IBM’s Watson is perhaps the best Cognitive Computing platform in the world today, and it is years ahead of the other imitators, which are typically not cognitive at all, they are just analytic solutions made to look like cognitive systems.  It is mostly marketing hype from the competitors as they are struggling to catch up and so they place a facade in front of the customers to make it appear that they are ready to service your Cognitive Computing needs.  But, it will take them many years to match Watson’s intuition, sensibilities, and human qualities.  They cannot invent these capabilities overnight.

“When people ask how Watson is different than a search engine, I tell them to go on Google and type ‘anything that’s not an elephant’.  What do you get?  Tons of pictures of elephants.  But Watson knows those subtle differences.  It understands that when feet and noses run, those are very different things.”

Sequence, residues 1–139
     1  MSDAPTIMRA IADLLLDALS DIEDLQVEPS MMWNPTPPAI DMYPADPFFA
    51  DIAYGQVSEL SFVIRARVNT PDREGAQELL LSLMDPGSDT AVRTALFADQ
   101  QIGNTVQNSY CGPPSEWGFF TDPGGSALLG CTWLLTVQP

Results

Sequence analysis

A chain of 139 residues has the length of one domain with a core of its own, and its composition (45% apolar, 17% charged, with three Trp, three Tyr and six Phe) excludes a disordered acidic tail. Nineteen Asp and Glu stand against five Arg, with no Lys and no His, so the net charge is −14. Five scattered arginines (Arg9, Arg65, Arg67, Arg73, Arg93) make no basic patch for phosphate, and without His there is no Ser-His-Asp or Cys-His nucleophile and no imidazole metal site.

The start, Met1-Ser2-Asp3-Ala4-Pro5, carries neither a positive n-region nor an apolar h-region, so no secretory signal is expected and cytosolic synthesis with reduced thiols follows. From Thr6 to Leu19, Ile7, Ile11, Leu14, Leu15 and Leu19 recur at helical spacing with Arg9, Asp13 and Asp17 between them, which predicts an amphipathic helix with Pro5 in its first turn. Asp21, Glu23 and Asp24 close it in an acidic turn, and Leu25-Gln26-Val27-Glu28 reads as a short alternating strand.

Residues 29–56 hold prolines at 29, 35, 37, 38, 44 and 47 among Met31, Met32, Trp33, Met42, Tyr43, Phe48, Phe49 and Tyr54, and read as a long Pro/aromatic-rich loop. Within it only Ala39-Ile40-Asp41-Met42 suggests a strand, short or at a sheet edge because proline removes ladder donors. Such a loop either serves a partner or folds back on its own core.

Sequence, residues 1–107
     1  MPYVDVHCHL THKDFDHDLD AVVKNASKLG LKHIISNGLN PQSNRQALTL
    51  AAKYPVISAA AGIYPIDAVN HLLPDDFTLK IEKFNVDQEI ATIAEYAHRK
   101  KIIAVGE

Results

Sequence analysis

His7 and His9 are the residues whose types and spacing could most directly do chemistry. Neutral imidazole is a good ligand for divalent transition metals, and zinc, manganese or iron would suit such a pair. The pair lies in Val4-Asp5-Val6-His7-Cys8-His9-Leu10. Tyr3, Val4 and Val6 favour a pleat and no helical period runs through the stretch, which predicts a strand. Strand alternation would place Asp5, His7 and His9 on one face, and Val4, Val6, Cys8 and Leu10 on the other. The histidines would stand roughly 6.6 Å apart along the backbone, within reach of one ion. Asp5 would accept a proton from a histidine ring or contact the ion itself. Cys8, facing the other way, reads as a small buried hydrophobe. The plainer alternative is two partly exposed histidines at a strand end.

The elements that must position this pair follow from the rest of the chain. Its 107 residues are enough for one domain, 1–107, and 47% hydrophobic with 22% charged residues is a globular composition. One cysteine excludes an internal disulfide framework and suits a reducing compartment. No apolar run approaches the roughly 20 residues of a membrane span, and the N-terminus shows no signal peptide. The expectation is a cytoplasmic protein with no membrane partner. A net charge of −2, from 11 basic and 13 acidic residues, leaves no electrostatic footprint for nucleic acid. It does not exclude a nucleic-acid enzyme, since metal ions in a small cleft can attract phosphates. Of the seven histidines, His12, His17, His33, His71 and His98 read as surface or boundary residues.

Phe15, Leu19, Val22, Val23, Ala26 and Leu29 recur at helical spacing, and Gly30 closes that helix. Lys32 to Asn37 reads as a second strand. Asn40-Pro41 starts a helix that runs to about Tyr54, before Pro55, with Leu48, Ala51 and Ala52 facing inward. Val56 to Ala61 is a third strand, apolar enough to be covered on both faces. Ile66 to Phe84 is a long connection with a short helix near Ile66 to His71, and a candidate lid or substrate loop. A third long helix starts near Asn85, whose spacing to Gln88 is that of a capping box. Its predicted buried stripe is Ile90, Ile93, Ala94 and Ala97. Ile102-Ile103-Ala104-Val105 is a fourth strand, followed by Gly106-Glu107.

In conclusion, a cognitive system is a one that performs the cognitive work of knowing, understanding, planning, deciding, problem solving, analyzing, synthesizing, assessing, and judging, as they are fully integrated with perceiving and acting.  Is it AI, maybe, maybe not.  It is more of an augmentation system then a replacement system.  In many definitions, AI completely replaces a human and in the case of Watson, we are not there yet.  But, we are getting close.  Very close.

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About the Author: